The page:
Central Government Instability and Terror Organizations
Greg Botelho of CNN wrote an interesting article entitled “Terror Groups Take Advantage of Power Vacuums, Insecurity to Thrive at Home,” in which he discusses the rise of various terror organizations in countries that have significant instability at the national government level. In his article, he looks that the rise of different terror organizations in Libya, Syria, Iraq, Yemen, Somalia, Nigeria, etc… In each of these cases, the centralized government is very weak, with little influence throughout much of the state.
For example, in Libya and the Libyan Civil War, he talks about the recent events in which ISIS took control of Derna in Northern Libya. They did so with 800 fighters. In addition, ISIS is not the only radical group in the country; Answar Al-Shariah, the group behind the 2012 US Embassy attack also controls parts of the country.
In Syria, Bashar Al-Assad has been fighting groups looking to remove him from power, and in this context, ISIS forces have been able to work off on the instability of the state. As he explains, “Capitalizing on the nation’s instability during the years-long civil war, ISIS emerged as one of the most powerful threats to President Bashar al-Assad’s government. Al-Assad is fighting back, though his government’s ability to topple ISIS — which has made the northern Syrian city of Raqqa its de facto capital — is questionable, given its many other armed foes, the impact of international isolation on its economy and capability and the drain from years of war” (Botelho, 2015). Seeing the history and developments of the war in Syria, they become more active fighting in the country.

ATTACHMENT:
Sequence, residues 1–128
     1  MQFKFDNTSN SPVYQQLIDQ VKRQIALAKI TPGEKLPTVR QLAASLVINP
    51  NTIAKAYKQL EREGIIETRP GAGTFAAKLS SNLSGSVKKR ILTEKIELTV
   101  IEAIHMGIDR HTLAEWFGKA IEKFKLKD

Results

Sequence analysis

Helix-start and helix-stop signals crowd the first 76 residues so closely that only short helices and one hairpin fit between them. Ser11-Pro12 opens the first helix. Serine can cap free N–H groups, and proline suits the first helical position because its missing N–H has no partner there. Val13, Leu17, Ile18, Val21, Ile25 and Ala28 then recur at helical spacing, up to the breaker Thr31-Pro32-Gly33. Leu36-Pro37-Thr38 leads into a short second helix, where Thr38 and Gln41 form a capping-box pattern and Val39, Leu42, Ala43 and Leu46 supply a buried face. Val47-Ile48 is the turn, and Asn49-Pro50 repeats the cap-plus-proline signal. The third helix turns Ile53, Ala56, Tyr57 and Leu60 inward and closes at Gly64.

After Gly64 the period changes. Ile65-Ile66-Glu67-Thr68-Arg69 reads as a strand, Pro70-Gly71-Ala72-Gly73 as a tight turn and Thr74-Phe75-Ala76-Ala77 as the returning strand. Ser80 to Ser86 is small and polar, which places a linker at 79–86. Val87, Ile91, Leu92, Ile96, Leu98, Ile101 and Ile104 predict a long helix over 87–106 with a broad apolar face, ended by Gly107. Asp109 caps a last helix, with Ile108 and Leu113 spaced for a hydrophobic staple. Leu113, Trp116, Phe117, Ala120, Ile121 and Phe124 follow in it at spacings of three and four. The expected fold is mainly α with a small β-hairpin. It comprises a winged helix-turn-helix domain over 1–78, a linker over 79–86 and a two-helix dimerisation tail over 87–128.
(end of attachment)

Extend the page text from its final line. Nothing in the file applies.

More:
He also discussed domestic instability in Yemen with the recent moves by rebel forces, as well the the lack of a strong national government in Iraq and Nigeria.
I urge you to take the time to read this work, as it illustrates how weak domestic structures can not only lead to a civil war, but also the rise of other power groups. In international relations, when the state has weak political power, others may try to remove them from office. And in the case of some groups, as Botelho (2015) discusses, they are looking for opportunities in places where there may be less resistance, or less security to challenge these organizations.